Making an extraordinary comeback after being absent for a long 17 years since 1989's MY HEART IS AN ETERNAL ROSE, acclaimed '80s Hong Kong new-wave filmmaker Patrick Tam returns with a decidedly simple, but remarkably poignant domestic drama, AFTER THIS OUR EXILE.
Shing (Aaron Kwok), once a handsome ladies' man has becomes a no-good, abusive father who doesn't realize that his family is about to fall apart. His battered wife, Lin (Charlie Young) plans on leaving him anytime soon since she finds Shing doesn't express much love to her like he used to. That leaves their son Lok-Yun (Goum Ian Iskandar), an innocent kid caught in the middle of the family wreckage, who only wishes that his father and his mother will get along. Still, there's no doubt one can blame Lin for running away. Shing leaves her no dignity, especially he's going as far as embarrassing his wife at the public and even hits her, before finally locking her up inside the bedroom. To make things worst, Shing is also heavily in debt and that Lin has been sick and tired of being responsible for paying his debt. When she sees her opportunity, she leaves Shing and Lok-Yun behind. Angry and frustrated, Shing's life becomes increasingly off-balance: he loses his job, the loan sharks are pursuing him to pay up and he's nearly penniless. Still he has a loyal son by his side but as each day passing by, the father-and-son bond between Shing and Lok-Yun threatens to fall apart as well, especially when Shing forces him to commit stealing.
Winners of 3 prestigous 43rd Taiwan's Golden Horse Film Awards including Best Picture, Best Actor (Aaron Kwok) and Best Supporting Actor (Goum Ian Iskandar), director Patrick Tam proves that it doesn't have to take an elaborate set or sophisticated theme to spin out a great movie. In a year where Hong Kong film industry churned out more junk-food and brand-name, undernourished varieties, there's no doubt AFTER THIS OUR EXILE is something that truly stands the term of "quality-filmmaking".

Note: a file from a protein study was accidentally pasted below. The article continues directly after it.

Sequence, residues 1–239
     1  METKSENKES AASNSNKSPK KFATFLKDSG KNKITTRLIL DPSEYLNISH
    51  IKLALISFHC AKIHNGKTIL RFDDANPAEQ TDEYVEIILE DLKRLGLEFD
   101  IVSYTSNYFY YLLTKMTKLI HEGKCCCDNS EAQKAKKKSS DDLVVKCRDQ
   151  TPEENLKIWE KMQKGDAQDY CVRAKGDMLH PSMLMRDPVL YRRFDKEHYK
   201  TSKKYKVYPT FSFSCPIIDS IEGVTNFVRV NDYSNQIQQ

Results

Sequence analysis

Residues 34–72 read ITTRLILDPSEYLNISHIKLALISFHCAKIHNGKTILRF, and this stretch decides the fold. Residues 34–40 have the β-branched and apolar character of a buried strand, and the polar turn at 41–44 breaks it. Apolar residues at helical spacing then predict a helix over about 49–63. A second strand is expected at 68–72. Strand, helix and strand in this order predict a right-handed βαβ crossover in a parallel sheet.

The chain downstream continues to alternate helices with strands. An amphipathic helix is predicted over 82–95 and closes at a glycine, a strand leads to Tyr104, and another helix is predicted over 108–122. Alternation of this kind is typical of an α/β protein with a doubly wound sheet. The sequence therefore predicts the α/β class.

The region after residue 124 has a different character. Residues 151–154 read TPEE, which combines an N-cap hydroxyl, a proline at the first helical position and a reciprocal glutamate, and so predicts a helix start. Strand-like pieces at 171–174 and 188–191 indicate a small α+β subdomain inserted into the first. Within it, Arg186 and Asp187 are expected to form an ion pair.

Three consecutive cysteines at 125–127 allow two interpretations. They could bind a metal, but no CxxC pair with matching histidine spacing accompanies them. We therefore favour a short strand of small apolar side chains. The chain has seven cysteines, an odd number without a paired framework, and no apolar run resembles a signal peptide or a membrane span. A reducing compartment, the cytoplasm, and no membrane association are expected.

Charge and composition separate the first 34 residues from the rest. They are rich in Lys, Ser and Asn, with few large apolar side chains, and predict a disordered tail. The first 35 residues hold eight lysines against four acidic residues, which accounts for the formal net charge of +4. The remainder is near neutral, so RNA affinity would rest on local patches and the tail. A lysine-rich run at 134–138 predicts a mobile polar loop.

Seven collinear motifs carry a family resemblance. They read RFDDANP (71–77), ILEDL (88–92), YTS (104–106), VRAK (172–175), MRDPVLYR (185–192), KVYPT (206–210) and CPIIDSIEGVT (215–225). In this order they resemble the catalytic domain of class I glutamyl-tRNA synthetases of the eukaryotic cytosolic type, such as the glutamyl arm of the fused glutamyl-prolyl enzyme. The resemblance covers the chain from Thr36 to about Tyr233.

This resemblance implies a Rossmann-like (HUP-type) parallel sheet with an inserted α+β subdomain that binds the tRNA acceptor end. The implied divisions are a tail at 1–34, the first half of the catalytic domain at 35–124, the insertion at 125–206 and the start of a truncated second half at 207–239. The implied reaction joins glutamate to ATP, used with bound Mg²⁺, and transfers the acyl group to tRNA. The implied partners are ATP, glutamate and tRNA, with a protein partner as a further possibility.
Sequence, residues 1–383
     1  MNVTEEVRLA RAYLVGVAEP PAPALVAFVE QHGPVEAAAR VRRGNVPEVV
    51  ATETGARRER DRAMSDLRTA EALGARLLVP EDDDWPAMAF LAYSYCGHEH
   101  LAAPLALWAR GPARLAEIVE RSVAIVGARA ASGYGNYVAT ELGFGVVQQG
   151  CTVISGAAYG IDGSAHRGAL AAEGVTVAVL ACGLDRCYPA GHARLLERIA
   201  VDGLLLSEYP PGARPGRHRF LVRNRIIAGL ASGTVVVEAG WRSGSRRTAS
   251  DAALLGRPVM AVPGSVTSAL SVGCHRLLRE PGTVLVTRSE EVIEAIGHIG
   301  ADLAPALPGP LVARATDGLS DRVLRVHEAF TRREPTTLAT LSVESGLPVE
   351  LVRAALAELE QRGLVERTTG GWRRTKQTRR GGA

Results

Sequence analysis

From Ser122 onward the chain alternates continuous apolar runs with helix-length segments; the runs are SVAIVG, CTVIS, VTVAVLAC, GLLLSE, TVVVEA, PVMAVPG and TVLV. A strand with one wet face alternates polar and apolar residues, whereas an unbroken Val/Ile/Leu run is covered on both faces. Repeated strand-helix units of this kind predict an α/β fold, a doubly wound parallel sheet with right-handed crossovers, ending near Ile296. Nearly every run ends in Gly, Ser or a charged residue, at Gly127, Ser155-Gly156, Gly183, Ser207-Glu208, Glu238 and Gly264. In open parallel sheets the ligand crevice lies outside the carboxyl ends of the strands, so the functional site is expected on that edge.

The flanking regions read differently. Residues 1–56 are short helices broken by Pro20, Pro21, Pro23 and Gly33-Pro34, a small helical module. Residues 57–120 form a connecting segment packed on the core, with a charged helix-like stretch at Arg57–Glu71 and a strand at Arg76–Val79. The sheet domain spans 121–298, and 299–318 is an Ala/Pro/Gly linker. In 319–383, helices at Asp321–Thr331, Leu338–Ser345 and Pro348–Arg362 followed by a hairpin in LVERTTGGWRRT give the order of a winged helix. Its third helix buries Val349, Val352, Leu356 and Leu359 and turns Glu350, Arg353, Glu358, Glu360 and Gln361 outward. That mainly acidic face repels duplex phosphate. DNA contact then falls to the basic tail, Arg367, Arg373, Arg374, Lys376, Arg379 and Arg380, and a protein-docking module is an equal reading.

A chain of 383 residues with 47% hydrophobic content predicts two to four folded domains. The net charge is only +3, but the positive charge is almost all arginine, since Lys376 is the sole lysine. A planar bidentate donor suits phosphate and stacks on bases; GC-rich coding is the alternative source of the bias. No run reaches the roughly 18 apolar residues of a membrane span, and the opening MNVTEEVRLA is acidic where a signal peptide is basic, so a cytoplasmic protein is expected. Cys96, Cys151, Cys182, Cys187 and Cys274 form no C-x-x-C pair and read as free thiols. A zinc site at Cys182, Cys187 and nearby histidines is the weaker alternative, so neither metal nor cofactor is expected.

Patrick Tam and Tian Kai-Leong's screenplay is as simple as it goes, since the story about father-and-son's conflicted relationship is nothing new whatsoever. Possessing nothing more than a bare bones storytelling and numerous scenes that gradually repeated upon itself than elaborate plot development, Tam still manages to craft out an engaging piece of cinematic experience. His direction is crisp and precise, while brilliantly using minimal camera movements and static shots to make every scene as crucial as it goes. He certainly understands the language of cinema, where he doesn't result into forced emotions or sappy sentimentality often found in this kind of domestic genre but rather let the action speaks for itself.
The characters are also well-drawn, as Tam has painstakingly made the breaking family ties between Shing, Lin and Lok-Yun with genuine complexity, yet downright recognizable enough for us to root deeply with them. Gone is his pretty-boy caricature, as Aaron Kwok has finally matured as a distinguished actor who actually knows how to act. Forget about his half-hearted attempt towards his supposedly compelling role in DIVERGENCE (2005) which borderlines into overacting, this one is his real and complete deal. He gives an emotionally-complex, bravura performance that make great use of his gruff voice, telling body language as well as vacant and wild expression that reveals a frighteningly abusive father he is. Newcomer and Malaysian-born Goum Ian Iskandar is beautifully understated as an innocent boy who soon learning the hard way living with his abusive father, while Charlie Young, who isn't known for dramatic role other than looking pretty is surprisingly credible as the estranged wife.
The production values are top-notch, with Mark Lee's golden cinematography breathes life out of the gorgeously mundane Malaysia setting which shot on location in Ipoh.
Note: this is a review based on the 120-minute Hong Kong theatrical cut, which exists because the distributors has found Patrick Tam's original 160-minute cut is somehow overlong. A must-see.